Is Your Character An Acquaintance Or A Friend?

There are a lot of resources out there for helping develop characters, whether for a novel, short story, RPG (role playing game), or something else entirely. One of the most common resources is the character sheet. For those unfamiliar with this concept, the character sheet is a form filled with questions for you to answer about your character (e.g. age, eye color, height, hobbies, occupation, goals).

However, there are so many templates out there, it’s tough to know which one, if any, you should use. Some have a lot of specific questions, others are more vague, leaving a lot of room for creativity. Many writers don’t use character sheets at all.

As much as I would love to point you to one perfect character sheet, the fact is, there is no such thing. What works for one writer won’t necessarily work for another. I’ve used several different templates and sometimes they worked and sometimes they didn’t. Some worked for one character, but not for others.

I eventually came up with my own template that I find works well for me. I’ll go on to explain how I developed it and you’re welcome to try it out, but I won’t guarantee it will work for you just because it works for me. You may even find the whole concept of character sheets to be pointless for you. If that’s the case, you’re welcome to ignore the rest of this post.

Developing The Template

After all those disappointing trials with other character sheets, I decided to take a step back and figure out exactly what I wanted this tool to accomplish, what purpose I wanted it to serve. Obviously I needed to know physical specifics in order to paint a picture in the reader’s mind, but I needed to know in depth specifics even more. I needed to know what makes them tick. Not just the unique things they do, but why they do them. The longer I thought it through, the more I came to realize that I needed to really get to know the character. And not just as a character, but as a person.

With that conclusion in mind, I began thinking about how I get to know real people, how I go about turning a new acquaintance into a close friend. The most important observation I made is that I get to know people by asking them about their life. I listen to stories from their childhood, I ask them about their dreams and passions and how they came to want those things. I don’t just ask about their hobbies, I join them and learn how they do things differently than others. I discuss their opinions about life and the world around them and how their personal experience affects those opinions.

In short, getting to know someone in real life is a lot more complex than asking them random questions, so if I wanted my characters to feel real, I needed a method just as complex. Three dimensional, so to speak.

Creating The Template

I started with the first steps I take in meeting someone new and translated that into the first section of my original character sheet template. The beginning questions are basic and don’t require long, thought out answers because they are, for the most part, self-explanatory. They’re the sort of things you would learn about someone just by looking at them. (An exception is if you’re writing SFF in which the world itself affects your character’s physical attributes, in which case you’d need more complex answers. But that’s more about world building than character development, so I won’t get into that here.)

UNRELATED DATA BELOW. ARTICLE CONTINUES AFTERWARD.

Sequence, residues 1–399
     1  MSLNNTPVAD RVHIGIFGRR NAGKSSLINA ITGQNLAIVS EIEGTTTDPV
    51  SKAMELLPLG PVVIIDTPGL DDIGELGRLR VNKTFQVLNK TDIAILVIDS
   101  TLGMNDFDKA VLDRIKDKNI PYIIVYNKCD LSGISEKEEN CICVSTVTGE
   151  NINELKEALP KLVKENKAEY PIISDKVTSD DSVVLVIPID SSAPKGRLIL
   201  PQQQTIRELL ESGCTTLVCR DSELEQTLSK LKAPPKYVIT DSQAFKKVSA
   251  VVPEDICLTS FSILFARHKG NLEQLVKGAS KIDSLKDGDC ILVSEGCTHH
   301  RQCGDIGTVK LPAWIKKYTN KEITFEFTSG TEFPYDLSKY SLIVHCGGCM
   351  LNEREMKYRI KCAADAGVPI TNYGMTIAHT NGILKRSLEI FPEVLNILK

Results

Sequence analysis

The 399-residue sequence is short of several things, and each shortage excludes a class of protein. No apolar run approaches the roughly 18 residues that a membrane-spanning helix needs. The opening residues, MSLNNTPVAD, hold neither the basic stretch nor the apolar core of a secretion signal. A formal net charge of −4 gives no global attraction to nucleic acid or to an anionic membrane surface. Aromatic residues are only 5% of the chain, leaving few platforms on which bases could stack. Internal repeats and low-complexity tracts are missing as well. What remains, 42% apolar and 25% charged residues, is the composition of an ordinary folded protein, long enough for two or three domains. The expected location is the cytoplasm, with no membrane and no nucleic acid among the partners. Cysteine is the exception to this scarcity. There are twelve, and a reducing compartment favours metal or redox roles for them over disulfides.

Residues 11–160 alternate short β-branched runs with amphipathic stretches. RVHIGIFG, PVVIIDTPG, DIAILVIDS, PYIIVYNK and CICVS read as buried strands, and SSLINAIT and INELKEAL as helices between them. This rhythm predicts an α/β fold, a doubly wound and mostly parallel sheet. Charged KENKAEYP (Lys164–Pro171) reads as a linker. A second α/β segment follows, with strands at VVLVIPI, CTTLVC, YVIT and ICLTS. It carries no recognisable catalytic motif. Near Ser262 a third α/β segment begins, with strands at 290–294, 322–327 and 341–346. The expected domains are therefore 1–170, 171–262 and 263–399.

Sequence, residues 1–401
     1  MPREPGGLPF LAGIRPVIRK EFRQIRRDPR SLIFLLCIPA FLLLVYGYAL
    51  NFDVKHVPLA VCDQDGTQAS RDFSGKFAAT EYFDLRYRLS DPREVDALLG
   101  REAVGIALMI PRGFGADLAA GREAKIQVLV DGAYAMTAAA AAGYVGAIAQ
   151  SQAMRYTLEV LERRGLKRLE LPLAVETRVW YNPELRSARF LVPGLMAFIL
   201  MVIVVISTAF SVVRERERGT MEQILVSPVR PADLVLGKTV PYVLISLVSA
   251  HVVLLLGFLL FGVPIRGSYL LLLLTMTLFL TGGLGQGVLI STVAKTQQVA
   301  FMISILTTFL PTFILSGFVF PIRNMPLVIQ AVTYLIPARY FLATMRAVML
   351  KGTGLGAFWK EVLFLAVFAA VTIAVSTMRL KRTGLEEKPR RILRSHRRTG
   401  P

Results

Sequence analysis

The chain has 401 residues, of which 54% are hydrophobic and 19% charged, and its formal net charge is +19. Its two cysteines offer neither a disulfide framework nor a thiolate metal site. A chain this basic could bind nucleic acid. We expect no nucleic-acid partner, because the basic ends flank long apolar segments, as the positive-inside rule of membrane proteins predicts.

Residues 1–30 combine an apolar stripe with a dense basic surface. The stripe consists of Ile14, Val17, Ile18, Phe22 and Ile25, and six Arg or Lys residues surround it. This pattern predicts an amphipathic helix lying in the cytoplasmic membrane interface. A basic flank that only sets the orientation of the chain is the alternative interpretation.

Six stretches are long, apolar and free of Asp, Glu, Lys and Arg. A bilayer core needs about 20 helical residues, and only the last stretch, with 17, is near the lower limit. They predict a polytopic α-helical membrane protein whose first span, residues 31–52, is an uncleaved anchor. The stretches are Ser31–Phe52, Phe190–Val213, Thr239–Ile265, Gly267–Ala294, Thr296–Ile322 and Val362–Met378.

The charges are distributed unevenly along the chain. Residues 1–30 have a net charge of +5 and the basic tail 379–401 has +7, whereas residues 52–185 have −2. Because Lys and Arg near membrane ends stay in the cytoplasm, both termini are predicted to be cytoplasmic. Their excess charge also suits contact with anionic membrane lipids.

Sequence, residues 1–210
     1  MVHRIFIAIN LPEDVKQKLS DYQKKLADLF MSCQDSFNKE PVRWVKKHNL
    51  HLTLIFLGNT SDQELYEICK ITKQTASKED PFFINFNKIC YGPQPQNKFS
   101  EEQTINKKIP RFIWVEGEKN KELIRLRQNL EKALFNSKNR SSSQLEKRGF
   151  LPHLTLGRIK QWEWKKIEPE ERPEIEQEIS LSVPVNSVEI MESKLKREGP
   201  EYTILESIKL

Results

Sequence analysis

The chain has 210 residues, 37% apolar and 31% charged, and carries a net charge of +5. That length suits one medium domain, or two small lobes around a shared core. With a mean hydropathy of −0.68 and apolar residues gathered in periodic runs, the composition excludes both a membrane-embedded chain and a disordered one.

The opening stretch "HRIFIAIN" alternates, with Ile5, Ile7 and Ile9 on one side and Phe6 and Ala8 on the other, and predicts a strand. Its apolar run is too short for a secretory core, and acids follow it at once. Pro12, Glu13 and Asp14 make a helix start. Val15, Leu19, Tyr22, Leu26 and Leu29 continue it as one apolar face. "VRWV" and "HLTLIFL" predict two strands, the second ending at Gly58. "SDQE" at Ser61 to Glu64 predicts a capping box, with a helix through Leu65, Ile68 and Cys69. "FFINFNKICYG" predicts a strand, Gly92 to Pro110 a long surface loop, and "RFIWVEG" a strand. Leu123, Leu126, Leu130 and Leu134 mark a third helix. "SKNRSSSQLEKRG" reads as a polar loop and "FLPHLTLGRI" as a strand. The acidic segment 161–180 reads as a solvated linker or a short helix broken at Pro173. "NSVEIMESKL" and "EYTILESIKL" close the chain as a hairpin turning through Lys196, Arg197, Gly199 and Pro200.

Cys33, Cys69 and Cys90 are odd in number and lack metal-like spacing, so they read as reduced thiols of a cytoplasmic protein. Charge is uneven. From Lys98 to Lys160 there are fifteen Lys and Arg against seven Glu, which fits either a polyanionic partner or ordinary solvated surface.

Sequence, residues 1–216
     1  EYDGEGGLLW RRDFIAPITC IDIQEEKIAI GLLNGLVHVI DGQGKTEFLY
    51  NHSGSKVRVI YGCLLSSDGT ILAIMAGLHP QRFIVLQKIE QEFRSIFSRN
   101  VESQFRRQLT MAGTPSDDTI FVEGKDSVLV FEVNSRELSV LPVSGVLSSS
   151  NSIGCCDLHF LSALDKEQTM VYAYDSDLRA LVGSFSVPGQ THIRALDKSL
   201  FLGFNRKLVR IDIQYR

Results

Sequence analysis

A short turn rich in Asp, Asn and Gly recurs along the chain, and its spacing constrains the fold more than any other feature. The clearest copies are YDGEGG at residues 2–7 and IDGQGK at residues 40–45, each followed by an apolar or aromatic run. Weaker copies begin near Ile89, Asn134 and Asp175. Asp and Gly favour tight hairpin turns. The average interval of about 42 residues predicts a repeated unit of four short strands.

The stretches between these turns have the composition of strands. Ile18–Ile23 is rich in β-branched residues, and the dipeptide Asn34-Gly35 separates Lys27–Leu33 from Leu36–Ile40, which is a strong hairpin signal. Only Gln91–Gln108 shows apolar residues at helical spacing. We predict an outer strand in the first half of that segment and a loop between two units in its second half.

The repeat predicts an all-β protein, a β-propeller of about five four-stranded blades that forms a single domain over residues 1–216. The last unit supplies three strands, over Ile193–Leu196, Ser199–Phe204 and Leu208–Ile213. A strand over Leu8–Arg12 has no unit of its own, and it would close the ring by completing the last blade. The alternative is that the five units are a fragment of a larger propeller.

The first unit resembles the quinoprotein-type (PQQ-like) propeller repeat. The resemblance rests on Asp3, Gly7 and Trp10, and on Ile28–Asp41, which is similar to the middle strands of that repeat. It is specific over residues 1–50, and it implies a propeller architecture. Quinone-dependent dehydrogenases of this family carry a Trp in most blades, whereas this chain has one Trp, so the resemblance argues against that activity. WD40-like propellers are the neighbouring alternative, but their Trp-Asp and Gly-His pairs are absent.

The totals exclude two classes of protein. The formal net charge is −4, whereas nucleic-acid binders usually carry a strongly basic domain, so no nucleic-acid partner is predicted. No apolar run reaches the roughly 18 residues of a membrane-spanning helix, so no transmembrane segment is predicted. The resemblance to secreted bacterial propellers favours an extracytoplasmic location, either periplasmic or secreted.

The next section of my template requires more thought out answers regarding the character’s desires and personality. I often don’t end up filling these out until after I’ve written the last section (sometimes after I’ve started writing the story), as these are things one generally learns about a real person through experience and observation.

And speaking of the last section, that is the most important and in depth part of the template. Aside from the first two questions about their goals, I mostly write short synopses of various childhood moments that serve to make the character who they are at the start of my story. This is typically called back story which is often not included in most character sheets I’ve found.

Whoever we are at any stage of life is who we’ve come to be partly because of our experiences, so to create a character without considering that aspect is simply shortsighted. Our characters don’t come into being fully formed at the start of our stories and they don’t develop their opinions and passions out of nowhere either. Many things happened to bring them to that point and writing those memories down, or at least considering them, is much like having a deep, heart-to-heart conversation with a friend that inevitably deepens the relationship.

Here is an example of my template:

Section 1

Age:

Physical description: (I start with hair and height and work my way down, like giving a new acquaintance a once over. If they’re clothing tells you more about their personality, mention that, too.)

Habits/Mannerisms: (Do they fiddle with pencils, chew their nails, twist their hair, etc.?)

Occupation (if applicable):

Section 2

Personality: (What makes them different from everyone else? If you asked a group of people to describe them with one word, what would those words be?)

Hobbies:

Fears:

Section 3

Short term goals: (What do they want right now, at the start of the story? It doesn’t have to be just one thing.)

Long term goals: (What do they want for their life in general? This doesn’t have to be just one thing, either.)

Backstory: (Here’s where their childhood stories and experiences are explored.)

(Do you like this concept, but prefer more specific questions? Here‘s a similar approach with more of an interview style. Developed by the one and only K. M. Weiland @kmweiland)

Final Thoughts

When I’m creating a new character, a relationship is what I’m really after. I don’t just want to write a unique character that I can describe in perfect detail. I want to get to know them, watch them grow up, know their frustration when they fail their first test, feel the pain of their first broken heart. When I know my characters as close friends, then their unique voices will be that much easier to hear. They will become much more real to the reader.

Since I’ve started creating my characters with this template, I’ve also noticed that I never fill it out from top to bottom. And I never fill it out completely before starting my story. Just as you might learn that a friend is colorblind long after meeting them, there are plenty of things you might learn about your character as you write the story. And as you learn about their childhood, some things in the first two sections might need to be changed to fit the new context.

Meeting new people is a complicated and often non-linear process that is never quite the same every time. So it is with developing characters. This template may work for you, or it may make the whole process more frustrating. It isn’t perfect and that’s okay. After all, the only real rule in writing is to figure out what works for you and keep at it.